I know that one should not look at symptoms to diagnose HIV infection, yet I would like to know what the main – most common – symptoms, indicating a primary infection, are. The most generic answer is that the symptoms are ‘flu like”, what does it exactly means? 15 days after I had an unprotected vaginal and oral sex with a stranger I had what, at the time, I thought to be a stomach bug (also known as a 24 hour flu). I had all the classic symptoms at the same day: diarrhea, stomach cramps, nausea, headache, and a fever (one episode). The next couple of days I was still weak but then it got better. Does 24 hour flu symptoms are also similar to “typical” acute HIV infection? Or the “flu” every expert mentions stretches for a longer period (i.e. multiple fevers)? I am extremely concerned that I possibly got infected with HIV and I obsess with it because it is too soon to go test myself (because of the window period). It is been 50 days since possible exposure and I experience stress symptoms and lately I became really concerned about some tender sensation in my left armpit/chest area. In your answer, can you please address the issue of armpit lymph nodes too? I have to say that I’m terrified.
"Flu-like" symptoms do not include gastrointestinal issues like you describe. Many people erroneously use the term "flu" to describe a stomach virus, which is incorrect. Influenza is the flu, not a stomach virus or a cold.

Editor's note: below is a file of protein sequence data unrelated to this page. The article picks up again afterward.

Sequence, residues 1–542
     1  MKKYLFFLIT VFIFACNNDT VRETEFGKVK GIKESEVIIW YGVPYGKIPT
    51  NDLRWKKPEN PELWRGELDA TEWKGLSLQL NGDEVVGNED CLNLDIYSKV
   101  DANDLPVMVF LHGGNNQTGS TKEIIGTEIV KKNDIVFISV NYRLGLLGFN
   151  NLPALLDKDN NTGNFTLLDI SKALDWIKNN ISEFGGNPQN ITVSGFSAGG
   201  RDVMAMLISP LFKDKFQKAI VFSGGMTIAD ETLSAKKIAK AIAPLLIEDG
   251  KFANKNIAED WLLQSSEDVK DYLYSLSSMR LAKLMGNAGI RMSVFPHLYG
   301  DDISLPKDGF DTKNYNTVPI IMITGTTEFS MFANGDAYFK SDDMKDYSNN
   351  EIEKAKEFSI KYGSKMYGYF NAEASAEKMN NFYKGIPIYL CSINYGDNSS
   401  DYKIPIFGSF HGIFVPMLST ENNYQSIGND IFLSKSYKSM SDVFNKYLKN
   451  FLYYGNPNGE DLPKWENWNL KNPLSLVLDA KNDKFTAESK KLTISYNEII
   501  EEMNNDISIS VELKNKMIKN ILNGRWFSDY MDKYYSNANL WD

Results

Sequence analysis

Your symptoms were not similar to HIV (ARS) symptoms in any way. IF a person who is newly infected experiences ARS, the most common symptoms are a HIGH fever (over 101-102), body aches, night sweats, swollen lymph nodes in several locations, and a rash. The symptoms are severe and will usually have a person out of commission for at least a week.
The reason we don't put any stock in HIV symptoms is because they are not a reliable indicator, many newly infected people do not have even one symptom, while people who THINK they were infected have textbook symptoms, yet end up testing negative. Plus, the symptoms are very commonly seen in other, very common viruses and illnesses.
The only way to determine one's HIV status is to test. A conclusive result can be obtained at 3 months post exposure. You had a risk, from the unoprotected vaginal sex, and oral is not a risk.
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